Novak's book contains many ready-to use ideas and assignments that appeal to a broad range of students.  I teach at an all-boys high school, and while the topics and discussions in the book engage students of both genders, I find they are of high interest to my male students.  Younger students--especially struggling readers and writers--love the more personal assignments found in the the section on the teenage experience (family history, my personal ghost world, etc.).  My older students have benefitted greatly from using these same assignments as they take on the personas of literary figures we are studying (Beowulf, Antigone, etc.).  At the end of the year, I plan to use the "Literary Justice League" project as a culminating assignment in 9th, 10th, and 11th grade classes.  I look forward to incorporating more of Novak's assignments in my plans next year and to having students complete their own graphic novels.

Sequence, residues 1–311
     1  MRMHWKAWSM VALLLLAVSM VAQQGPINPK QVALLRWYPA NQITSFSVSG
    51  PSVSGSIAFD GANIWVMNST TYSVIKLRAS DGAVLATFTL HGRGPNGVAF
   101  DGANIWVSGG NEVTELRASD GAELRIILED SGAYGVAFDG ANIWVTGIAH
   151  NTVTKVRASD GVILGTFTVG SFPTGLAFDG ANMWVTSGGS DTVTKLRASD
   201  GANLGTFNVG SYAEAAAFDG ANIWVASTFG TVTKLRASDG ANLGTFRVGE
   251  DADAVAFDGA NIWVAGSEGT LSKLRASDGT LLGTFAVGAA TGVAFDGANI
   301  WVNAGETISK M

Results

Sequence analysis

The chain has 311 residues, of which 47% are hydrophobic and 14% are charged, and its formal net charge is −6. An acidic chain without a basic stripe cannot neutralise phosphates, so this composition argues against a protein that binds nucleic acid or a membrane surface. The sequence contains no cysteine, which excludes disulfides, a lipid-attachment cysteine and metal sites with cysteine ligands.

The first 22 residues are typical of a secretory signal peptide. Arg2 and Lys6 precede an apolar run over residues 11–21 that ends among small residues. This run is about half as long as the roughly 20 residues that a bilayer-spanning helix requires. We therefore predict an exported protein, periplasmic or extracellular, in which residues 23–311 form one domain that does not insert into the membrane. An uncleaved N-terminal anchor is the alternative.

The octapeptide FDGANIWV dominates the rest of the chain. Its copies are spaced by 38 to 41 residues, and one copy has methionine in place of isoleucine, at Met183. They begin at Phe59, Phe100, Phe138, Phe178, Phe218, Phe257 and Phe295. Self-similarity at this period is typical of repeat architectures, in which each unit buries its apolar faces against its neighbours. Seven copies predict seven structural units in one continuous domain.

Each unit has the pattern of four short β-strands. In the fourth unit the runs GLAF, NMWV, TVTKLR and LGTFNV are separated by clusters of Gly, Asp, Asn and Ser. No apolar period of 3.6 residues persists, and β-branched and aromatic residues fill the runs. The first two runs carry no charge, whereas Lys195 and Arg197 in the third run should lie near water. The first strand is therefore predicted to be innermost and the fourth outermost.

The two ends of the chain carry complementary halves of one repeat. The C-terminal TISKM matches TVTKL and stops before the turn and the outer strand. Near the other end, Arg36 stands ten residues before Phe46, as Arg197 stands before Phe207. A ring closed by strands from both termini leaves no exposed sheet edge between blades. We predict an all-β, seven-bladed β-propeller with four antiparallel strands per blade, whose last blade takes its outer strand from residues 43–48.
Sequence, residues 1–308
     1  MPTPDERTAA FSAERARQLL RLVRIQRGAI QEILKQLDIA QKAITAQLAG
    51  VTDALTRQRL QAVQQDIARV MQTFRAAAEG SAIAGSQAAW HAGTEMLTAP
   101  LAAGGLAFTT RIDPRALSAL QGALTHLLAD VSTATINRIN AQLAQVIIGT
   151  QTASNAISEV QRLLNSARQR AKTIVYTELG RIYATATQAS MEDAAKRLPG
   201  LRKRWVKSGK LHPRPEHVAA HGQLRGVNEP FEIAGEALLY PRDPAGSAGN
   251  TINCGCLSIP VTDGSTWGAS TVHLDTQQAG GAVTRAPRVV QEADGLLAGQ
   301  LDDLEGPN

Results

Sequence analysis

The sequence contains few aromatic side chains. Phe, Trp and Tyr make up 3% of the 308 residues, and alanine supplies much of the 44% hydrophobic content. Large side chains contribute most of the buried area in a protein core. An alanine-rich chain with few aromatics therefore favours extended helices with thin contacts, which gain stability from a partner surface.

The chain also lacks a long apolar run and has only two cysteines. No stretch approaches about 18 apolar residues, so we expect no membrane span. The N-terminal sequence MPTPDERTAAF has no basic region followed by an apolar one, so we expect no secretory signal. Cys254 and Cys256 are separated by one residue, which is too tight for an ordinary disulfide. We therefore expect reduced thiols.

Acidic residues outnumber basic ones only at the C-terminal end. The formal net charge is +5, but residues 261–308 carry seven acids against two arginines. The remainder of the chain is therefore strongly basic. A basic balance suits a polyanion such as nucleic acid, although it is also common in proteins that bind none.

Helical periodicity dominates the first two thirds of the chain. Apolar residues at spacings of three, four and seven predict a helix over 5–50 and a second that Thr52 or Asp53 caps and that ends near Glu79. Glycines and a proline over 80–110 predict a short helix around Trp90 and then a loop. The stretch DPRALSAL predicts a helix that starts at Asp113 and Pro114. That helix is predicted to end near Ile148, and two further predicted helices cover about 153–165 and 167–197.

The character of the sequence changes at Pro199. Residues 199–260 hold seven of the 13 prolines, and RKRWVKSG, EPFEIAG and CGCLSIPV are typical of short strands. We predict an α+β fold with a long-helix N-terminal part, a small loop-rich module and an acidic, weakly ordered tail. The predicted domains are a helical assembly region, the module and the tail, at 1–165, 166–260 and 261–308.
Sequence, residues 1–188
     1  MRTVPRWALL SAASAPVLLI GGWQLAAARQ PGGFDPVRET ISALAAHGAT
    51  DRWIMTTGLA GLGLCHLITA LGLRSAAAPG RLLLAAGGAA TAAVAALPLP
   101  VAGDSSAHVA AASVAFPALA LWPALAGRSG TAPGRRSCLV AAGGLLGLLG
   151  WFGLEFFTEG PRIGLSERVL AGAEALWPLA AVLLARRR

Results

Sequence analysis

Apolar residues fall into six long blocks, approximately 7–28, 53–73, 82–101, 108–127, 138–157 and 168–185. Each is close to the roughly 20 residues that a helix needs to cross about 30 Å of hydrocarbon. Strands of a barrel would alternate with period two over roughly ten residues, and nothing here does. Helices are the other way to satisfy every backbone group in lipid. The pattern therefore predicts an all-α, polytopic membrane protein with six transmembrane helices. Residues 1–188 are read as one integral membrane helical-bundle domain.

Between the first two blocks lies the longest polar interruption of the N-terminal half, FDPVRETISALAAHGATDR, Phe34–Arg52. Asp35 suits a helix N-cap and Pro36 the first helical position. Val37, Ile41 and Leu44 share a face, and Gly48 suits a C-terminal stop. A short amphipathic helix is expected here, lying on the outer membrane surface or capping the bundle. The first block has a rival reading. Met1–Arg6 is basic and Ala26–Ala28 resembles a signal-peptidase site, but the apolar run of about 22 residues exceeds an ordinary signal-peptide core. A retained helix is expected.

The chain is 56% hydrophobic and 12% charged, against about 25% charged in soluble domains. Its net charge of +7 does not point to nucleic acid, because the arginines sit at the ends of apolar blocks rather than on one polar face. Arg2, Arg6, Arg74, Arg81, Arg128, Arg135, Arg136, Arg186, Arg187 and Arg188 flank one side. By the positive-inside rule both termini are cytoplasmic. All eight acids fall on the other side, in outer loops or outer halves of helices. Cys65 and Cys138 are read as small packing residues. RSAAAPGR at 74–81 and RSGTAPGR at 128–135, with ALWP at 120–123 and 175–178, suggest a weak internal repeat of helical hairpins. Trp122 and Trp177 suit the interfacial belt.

by Michael Frizell
on 3/26/2014
from Missouri
Works in Higher Ed, too!
	Though Ryan Novak’s whimsical and intelligent book, Teaching Graphic Novels in the Classroom, is intended for use in high schools as it aligns with the common core standards, I believe institutions of higher education may find the book useful and informative. Teachers teaching graphic novels as literature is on the rise, and comic books are enjoying a renaissance in popularity thanks to the dominance of superhero movies at the box office. While recognizing the super-heroic roots of the medium, Novak divides the book in a smart way that ultimately makes the book required reading for those interested in the genre.